Cordyceps militaris

From Wikipedia, the free encyclopedia
Jump to navigation Jump to search

Cordyceps militaris
2010-08-06 Cordyceps militaris 1.jpg
Scientific classification
C. militaris
Binomial name
Cordyceps militaris
(L.) Fr. (1818)

Cordyceps militaris is a species of fungus in the family Clavicipitaceae, and the type species of the genus Cordyceps. It was originally described by Carl Linnaeus in 1753 as Clavaria militaris.[1]


Macroscopic characteristics[edit]

The fungus forms 20–50 mm high, club-shaped and orange/red fruiting bodies, which grow out of dead underground pupae. The club is covered with the stroma, into which the actual fruit bodies, the perithecia, are inserted. The surface appears roughly punctured. The inner fungal tissue is whitish to pale orange.

Microscopic features[edit]

The spores are smooth, hyaline, long-filiform, and often septate. They decompose to maturity in 3-7 μm × 1-1.2 μm subpores. The asci are long and cylindrical. Sometimes an anamorphic state, which is Isaria, is found. Masses of white mycelia form around the parasitised insect; however, these may not be of the same species.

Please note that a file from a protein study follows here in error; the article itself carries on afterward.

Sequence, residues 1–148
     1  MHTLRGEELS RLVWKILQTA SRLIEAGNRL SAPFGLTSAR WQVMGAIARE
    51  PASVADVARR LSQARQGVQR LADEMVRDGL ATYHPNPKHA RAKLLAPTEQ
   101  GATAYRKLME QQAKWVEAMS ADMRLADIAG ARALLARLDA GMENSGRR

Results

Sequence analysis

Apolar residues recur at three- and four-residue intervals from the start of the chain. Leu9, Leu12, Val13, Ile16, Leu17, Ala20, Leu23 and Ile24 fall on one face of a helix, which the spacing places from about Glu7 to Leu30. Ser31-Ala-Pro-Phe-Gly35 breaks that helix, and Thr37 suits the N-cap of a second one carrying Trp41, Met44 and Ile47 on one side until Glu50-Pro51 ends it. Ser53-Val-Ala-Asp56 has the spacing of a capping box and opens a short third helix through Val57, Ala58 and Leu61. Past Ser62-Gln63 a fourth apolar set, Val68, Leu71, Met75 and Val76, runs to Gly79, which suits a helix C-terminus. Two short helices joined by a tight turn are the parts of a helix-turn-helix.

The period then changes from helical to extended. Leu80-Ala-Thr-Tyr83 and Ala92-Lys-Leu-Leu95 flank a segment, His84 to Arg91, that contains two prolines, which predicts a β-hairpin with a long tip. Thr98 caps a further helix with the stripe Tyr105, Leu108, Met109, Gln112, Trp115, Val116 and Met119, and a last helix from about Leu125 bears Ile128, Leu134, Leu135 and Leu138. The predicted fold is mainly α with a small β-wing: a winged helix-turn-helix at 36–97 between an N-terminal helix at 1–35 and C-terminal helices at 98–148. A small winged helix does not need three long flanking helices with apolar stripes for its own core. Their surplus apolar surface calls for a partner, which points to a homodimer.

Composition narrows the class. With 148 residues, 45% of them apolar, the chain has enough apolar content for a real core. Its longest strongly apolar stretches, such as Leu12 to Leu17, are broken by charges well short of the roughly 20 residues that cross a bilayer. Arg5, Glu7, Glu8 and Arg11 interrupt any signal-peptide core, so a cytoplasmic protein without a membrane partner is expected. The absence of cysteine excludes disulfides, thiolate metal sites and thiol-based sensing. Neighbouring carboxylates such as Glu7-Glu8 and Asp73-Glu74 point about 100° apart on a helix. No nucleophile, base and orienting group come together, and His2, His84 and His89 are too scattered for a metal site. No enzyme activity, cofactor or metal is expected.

Ecology and dispersal[edit]

The fungus is grown on rice. Cordyceps militaris is not to be mistaken with Ophiocordyceps sinensis, which does solely grow on insects and pupae of different large butterflies, rarely also on caterpillars. Many authors consider it quite common, spread throughout the northern hemisphere,[2] and fruiting bodies appear in Europe from August to November.


  1. ^ "GSD Species Synonymy: Cordyceps militaris (L.) Fr". Species Fungorum. CAB International. Retrieved 2014-05-20.
  2. ^ Pilz des Jahres 2007: Cordyceps militaris (L.) Link, Puppenkernkeule

External links[edit]